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The U.S. Troops Being Pulled Doesn’t Rule Out A Return

Four thousand more U.S. troops will be pulled out of Afghanistan, reducing the force there to about 8,600, it was reported this week. That number is inadequate to do more than protect key U.S. positions and personnel.

President Donald Trump’s decision to withdraw more forces from Afghanistan will be criticized by some, but it is the wise thing to do. After 18 years of American military involvement in that country, there is no prospect of it becoming a reliable ally or, more important, a nation where U.S.-style freedoms are the norm.

Trump’s decision was made without any promises from the Taliban, the Islamic fundamentalist group that ruled the country for many years and has been waging a war to regain control. Trusting them to keep any promises is a fool’s errand, in any event.

Taliban rule over Afghanistan ended — or, rather, was interrupted — after the Sept. 11, 2001 attacks on America by the al-Qaida terrorist group. The U.S. invasion that ousted the Taliban was made after they refused to stop providing a safe haven for Osama bin Laden and his bloodthirsty murderers.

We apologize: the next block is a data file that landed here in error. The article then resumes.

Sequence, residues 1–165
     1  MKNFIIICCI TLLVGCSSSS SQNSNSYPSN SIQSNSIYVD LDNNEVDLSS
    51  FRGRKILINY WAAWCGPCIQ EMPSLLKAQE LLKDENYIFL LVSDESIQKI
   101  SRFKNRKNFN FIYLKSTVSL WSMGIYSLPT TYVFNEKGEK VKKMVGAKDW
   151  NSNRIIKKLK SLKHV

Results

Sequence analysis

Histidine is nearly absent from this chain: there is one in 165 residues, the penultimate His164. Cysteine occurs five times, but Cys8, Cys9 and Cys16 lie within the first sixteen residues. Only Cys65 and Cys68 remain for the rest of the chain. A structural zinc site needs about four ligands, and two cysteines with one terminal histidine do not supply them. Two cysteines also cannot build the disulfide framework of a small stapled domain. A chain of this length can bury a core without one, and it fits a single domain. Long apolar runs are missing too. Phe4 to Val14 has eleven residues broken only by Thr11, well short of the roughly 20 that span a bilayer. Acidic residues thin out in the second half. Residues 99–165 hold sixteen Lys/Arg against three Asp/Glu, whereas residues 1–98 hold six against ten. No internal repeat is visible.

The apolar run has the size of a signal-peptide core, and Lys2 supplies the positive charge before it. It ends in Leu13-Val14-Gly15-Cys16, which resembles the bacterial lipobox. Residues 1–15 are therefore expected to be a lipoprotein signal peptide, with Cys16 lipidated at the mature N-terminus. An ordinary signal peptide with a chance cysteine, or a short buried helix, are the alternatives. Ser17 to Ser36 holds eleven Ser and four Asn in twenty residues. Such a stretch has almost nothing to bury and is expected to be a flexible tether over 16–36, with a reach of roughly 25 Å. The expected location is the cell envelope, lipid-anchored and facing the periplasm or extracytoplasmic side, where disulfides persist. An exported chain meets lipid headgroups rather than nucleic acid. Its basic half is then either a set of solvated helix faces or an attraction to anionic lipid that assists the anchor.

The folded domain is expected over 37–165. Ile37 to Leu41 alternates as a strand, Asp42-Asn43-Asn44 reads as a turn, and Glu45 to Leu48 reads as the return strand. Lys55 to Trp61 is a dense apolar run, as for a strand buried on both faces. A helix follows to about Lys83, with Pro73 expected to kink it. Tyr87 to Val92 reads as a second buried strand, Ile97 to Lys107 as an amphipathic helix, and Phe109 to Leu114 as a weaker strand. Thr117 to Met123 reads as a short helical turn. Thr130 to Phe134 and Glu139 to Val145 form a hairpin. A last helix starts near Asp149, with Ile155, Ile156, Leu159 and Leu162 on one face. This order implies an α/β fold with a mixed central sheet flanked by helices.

Now, bin Laden is dead and al-Qaida is but one of many Islamic terrorist organizations. The question in many minds is what stance the Taliban will take toward them.

If they regain power, the Taliban may be tempted to act again as hosts for terrorist armies. But Trump and other U.S. leaders should make it clear that if that occurs, retribution will be swift and terrible. The Taliban must be made to understand that a U.S. pullout from Afghanistan does not rule out a return — if that proves necessary to safeguard Americans here in the homeland or anywhere else in the world.

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